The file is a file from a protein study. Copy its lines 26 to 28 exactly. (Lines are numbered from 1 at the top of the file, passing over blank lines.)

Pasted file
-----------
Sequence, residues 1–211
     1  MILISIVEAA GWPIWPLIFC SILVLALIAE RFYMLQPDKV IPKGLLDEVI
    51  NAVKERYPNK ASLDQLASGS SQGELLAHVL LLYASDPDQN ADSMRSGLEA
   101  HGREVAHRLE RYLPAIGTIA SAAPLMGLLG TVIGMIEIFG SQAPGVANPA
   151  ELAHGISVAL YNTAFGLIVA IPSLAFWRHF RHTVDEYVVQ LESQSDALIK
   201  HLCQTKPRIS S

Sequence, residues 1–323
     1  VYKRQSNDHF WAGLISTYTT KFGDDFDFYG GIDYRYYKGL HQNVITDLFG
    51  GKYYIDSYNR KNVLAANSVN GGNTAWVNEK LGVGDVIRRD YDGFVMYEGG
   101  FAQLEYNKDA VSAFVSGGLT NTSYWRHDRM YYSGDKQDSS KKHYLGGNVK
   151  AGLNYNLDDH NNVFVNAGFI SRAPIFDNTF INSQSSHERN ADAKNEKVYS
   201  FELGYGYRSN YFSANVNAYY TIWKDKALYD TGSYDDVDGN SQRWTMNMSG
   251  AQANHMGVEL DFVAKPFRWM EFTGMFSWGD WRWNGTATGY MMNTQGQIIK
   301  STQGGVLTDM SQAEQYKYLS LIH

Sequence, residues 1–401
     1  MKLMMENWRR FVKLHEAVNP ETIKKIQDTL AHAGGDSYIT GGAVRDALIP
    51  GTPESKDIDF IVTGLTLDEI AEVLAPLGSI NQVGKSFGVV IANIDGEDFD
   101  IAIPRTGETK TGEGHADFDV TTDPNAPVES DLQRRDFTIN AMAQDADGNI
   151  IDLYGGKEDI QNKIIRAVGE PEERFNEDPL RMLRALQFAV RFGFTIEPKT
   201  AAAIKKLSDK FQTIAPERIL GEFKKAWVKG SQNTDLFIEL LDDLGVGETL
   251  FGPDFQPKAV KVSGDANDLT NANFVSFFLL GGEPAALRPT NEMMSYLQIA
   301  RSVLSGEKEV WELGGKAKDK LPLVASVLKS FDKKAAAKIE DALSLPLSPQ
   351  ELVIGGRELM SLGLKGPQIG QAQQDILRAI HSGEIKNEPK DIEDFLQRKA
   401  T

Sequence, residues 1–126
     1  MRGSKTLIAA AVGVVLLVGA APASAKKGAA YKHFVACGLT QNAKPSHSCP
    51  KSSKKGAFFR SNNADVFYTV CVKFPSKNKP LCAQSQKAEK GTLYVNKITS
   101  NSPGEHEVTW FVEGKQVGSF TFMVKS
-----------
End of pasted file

     1  MRGSKTLIAA AVGVVLLVGA APASAKKGAA YKHFVACGLT QNAKPSHSCP
    51  KSSKKGAFFR SNNADVFYTV CVKFPSKNKP LCAQSQKAEK GTLYVNKITS
   101  NSPGEHEVTW FVEGKQVGSF TFMVKS